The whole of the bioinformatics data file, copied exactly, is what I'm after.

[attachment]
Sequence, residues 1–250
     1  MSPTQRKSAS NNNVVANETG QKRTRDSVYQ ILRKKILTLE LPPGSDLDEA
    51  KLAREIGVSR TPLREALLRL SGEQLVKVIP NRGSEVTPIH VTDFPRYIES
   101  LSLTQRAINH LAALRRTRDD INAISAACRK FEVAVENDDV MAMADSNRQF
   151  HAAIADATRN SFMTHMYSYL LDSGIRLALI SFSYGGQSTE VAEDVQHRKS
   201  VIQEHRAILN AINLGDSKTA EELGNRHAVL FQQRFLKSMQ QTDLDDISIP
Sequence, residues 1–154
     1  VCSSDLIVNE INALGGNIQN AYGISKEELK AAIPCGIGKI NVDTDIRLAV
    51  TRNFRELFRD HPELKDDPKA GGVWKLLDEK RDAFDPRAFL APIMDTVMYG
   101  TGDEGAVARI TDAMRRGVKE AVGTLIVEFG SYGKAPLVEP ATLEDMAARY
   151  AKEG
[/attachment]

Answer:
Sequence, residues 1–250
     1  MSPTQRKSAS NNNVVANETG QKRTRDSVYQ ILRKKILTLE LPPGSDLDEA
    51  KLAREIGVSR TPLREALLRL SGEQLVKVIP NRGSEVTPIH VTDFPRYIES
   101  LSLTQRAINH LAALRRTRDD INAISAACRK FEVAVENDDV MAMADSNRQF
   151  HAAIADATRN SFMTHMYSYL LDSGIRLALI SFSYGGQSTE VAEDVQHRKS
   201  VIQEHRAILN AINLGDSKTA EELGNRHAVL FQQRFLKSMQ QTDLDDISIP
Sequence, residues 1–154
     1  VCSSDLIVNE INALGGNIQN AYGISKEELK AAIPCGIGKI NVDTDIRLAV
    51  TRNFRELFRD HPELKDDPKA GGVWKLLDEK RDAFDPRAFL APIMDTVMYG
   101  TGDEGAVARI TDAMRRGVKE AVGTLIVEFG SYGKAPLVEP ATLEDMAARY
   151  AKEG